Today is National Be A Millionaire Day, a day for everyone to think and dream about what it would be like to be a millionaire and then make a plan to reach that goal.

Even in America — the land of opportunity — this is easier dreamt than done.

Most of us are taught from a young age that with hard work and determination we can accomplish anything, but in reality, the idea that the U.S. is the land of social mobility is a myth.

From birth, some individuals face huge obstacles on the pathway to opportunity through no fault of their own. If you’re born at the bottom, the likelihood that you will rise to the top is only about 8 percent.

Parental wealth is a major factor in whether children move up or down the socioeconomic ladder. Parental wealth has an even bigger influence than parental education, income or occupation.

It makes sense. Wealth allows families to buy homes in good neighborhoods and send their children to high quality schools and colleges, and gives children a safety net that provides them a variety of opportunities as they enter the adult world.

Unfortunately, an estimated 40 percent of families do not have enough savings to replace even three weeks of income. Even if families experience income gains, they remain economically insecure because they lack a personal safety net that something like a savings account provides.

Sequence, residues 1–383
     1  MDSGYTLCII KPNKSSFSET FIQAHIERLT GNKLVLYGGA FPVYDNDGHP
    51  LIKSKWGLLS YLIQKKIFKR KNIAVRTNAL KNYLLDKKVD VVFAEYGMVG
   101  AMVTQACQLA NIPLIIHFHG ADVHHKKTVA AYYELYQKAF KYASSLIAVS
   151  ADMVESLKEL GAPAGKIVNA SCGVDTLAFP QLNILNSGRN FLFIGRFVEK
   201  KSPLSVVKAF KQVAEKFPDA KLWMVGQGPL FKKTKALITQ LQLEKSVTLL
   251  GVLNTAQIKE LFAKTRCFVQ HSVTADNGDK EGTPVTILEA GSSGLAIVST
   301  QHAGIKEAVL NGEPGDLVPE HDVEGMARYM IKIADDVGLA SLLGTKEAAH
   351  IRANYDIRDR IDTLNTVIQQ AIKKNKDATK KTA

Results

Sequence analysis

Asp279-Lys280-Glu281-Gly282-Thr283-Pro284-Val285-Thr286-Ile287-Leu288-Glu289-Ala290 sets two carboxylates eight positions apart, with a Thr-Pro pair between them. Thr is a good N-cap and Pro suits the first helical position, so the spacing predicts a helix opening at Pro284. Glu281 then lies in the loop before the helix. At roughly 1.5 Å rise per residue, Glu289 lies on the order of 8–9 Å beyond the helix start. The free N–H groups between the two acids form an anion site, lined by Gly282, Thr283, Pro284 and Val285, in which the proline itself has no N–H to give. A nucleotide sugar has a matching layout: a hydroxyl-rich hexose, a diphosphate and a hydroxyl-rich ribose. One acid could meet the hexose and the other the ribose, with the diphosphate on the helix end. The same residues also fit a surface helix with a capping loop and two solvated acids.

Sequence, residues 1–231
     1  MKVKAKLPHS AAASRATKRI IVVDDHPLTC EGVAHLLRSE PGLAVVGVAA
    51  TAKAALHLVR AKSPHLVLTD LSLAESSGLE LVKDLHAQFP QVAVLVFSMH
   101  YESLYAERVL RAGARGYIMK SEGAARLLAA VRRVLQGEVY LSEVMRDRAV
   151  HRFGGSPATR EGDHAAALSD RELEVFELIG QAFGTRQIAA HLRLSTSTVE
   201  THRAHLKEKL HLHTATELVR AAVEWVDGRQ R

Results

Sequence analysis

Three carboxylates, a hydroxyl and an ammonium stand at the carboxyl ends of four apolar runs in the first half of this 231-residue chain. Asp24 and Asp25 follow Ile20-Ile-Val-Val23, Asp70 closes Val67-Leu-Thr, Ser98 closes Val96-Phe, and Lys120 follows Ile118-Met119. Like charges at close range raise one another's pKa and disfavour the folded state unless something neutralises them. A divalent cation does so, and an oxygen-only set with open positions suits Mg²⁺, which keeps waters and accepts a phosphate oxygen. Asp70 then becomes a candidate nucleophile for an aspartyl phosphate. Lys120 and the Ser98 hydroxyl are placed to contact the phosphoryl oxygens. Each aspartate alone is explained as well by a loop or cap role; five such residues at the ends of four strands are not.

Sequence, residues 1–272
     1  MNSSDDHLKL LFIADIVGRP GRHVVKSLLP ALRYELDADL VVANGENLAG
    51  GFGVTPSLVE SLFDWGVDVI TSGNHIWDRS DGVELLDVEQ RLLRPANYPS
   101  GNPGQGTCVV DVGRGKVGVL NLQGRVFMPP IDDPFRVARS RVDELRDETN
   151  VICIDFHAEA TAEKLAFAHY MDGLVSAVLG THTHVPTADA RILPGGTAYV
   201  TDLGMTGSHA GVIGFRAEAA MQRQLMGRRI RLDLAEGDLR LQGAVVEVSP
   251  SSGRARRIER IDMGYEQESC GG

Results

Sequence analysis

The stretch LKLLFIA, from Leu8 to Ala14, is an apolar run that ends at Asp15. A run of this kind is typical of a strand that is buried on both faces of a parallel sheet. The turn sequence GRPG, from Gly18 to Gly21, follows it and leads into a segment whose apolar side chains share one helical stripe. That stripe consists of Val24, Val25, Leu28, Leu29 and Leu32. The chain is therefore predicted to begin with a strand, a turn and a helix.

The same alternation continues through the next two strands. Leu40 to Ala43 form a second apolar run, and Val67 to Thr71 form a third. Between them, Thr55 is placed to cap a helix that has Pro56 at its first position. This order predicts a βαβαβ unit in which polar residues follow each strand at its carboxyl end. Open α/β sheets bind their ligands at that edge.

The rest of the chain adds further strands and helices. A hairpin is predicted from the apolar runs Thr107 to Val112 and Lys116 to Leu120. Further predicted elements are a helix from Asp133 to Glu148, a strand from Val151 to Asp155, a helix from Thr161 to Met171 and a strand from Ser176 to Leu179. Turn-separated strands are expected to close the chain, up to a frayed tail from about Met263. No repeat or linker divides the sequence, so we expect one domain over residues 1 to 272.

To top it all off, Governor Snyder raised taxes on hardworking families and made cuts to education to provide wealthy corporations with an unaccountable $1.8 billion tax giveaway that has yet to result in more jobs. He claimed that they were “shared sacrifices” necessary to “reinvent” Michigan. All the while, the governor worked to protect a $41 million furniture contract that his cousin had with the state.

Under Governor Snyder’s leadership, we can expect increasingly more obstacles to arise on our pathway to opportunity. Unless you’re the governor’s cousin or corporate donors, in which case your dreams of being a millionaire are probably already a reality.

Leave a Reply

Your email address will not be published. Required fields are marked *

Post comment